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Students to #TakeAKnee

What you need to know prior to Silent Night

By Rachel Campbell & Brecken Mumford | Contributors

As the most visible event Taylor hosts, Silent Night has been a venue for protest in the past. (Photograph provided by Jim Garringer)

As the most visible event Taylor hosts, Silent Night has been a venue for protest in the past. (Photograph provided by Jim Garringer)

This evening, before complete silence takes over Odle Arena, a group of students will be taking a knee during the national anthem. You may have heard murmurs across campus about it. Maybe you were invited to the informational meeting about it, attended it or know someone who did. Administration, Campus Police, Residence Life and Student Development have been informed. This article is here to share with you, the Taylor community, why this peaceful demonstration will be taking place.

There are two main aspects influencing why we will be taking a knee: the national and the Taylor. When it comes to the national issues, we are kneeling in conjunction with the original intent of Colin Kaepernick to protest high rates of brutality toward and the killing of unarmed people of color by police. It is injustice that people we love and know face, and is something we need to address as a nation and as Christians. This is not, and was never intended, to condemn or dishonor our armed-services. We honor them and their service.

We also understand that sometimes students here at Taylor distance themselves from nationally spread issues like this because there is an overwhelming sense of “I can’t change this.” However, something we can change and impact is Taylor.

This demonstration is not in protest to police brutality within the Taylor community. We want to make that clear. This is not in protest to police brutality by our Taylor police. We appreciate everything they put into caring for the students on campus and the greater Upland community.

Unfortunately, there are incidents of racial harassment across campus that have happened not only in the past but this year as well. We are kneeling to bring attention to these.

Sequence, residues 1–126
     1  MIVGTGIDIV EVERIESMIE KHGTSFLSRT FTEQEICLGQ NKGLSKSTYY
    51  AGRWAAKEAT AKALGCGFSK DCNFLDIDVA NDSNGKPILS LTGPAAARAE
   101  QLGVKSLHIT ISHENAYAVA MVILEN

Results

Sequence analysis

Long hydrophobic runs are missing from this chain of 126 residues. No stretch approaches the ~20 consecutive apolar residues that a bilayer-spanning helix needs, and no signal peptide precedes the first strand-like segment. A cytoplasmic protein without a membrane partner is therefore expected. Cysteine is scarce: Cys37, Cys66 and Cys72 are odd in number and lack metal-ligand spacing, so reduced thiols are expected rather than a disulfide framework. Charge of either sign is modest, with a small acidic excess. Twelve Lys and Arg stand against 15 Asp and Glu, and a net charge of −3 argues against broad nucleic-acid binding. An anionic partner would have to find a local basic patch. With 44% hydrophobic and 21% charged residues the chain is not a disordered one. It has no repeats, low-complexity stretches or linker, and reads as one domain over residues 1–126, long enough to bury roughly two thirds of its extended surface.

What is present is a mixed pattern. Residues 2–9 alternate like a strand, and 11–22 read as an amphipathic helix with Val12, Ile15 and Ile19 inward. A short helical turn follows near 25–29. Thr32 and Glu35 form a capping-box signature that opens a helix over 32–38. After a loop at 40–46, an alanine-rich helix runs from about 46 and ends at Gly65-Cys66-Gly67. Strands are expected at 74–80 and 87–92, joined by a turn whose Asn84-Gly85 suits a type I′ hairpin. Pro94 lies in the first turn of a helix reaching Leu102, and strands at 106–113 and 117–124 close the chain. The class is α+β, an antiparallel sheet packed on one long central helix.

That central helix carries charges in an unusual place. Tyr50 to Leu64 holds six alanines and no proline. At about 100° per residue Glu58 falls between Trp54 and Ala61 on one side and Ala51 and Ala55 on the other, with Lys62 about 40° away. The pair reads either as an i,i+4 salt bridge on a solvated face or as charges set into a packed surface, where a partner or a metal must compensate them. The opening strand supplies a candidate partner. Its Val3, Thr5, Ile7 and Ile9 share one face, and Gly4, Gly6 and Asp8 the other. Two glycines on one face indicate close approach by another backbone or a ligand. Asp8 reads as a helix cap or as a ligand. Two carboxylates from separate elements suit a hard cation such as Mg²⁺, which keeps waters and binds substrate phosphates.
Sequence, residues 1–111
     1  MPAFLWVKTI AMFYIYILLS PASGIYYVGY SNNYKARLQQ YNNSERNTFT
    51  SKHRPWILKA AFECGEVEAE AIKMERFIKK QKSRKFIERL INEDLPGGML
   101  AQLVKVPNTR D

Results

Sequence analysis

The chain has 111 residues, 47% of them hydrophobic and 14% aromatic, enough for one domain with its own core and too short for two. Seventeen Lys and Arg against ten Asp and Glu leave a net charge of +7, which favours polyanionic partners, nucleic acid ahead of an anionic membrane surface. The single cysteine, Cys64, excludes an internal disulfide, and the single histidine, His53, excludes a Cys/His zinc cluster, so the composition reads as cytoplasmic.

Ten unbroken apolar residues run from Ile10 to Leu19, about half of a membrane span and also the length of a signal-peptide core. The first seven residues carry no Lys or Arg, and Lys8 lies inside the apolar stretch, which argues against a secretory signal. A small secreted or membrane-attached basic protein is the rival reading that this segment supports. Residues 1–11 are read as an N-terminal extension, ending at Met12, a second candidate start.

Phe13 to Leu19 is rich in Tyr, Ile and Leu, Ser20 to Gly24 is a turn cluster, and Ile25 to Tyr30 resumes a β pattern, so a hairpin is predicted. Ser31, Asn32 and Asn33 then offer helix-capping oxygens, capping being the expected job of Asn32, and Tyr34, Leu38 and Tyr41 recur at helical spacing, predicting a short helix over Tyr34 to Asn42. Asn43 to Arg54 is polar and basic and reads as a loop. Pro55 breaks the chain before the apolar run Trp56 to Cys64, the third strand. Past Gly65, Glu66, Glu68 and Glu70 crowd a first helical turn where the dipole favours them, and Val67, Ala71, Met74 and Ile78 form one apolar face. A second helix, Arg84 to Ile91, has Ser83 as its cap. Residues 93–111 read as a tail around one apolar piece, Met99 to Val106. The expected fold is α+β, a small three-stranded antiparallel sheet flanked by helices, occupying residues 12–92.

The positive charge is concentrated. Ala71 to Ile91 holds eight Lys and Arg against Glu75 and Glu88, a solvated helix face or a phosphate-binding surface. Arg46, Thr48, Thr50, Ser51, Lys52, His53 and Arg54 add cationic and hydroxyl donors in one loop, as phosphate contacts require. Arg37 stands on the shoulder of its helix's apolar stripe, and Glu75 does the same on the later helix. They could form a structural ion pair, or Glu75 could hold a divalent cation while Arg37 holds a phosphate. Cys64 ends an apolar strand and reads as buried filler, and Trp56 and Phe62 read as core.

We need a reporting system comparable to Title IX for issues of racial injustice. We hope that such a system would empower and give control to those students who have experienced these incidents, and would encourage white students to report incidents they have seen on the campus. The hope would be to provide a safe, effective way for students to report because these situations often go unreported because students don’t want to shake up their “community.”

Another point we wish to draw attention to is the severe lack of diverse representation within Taylor’s board, faculty and staff. We as students can only be as great as our staff, and it has been remiss of our university to not address this with intentionality.

We care for this community and want to make sure that we provide a welcoming, safe environment for everyone. We want people to be informed. We are not doing this for shock value or media attention, but rather to draw attention to concerns we have for our brothers and sisters that are hurting.

We’re your peers. We live beside you in our halls, we share meals together, we go to class together. We’re human beings just like you. We’re kneeling out of care and love and concern for our friends, family and strangers. We want to have conversations out of love and truth — not anger. We want to listen and care.

This is not a demonstration to divide, this is a demonstration to invite others into conversation and to action. This is an ongoing tension and will not go away. We invite you to engage.

Tonight, we’ll all cheer as our players make buckets, roar when ‘10’ lights up the scoreboard and, at the end of the game, we’ll all link arms and sing “Silent Night.”

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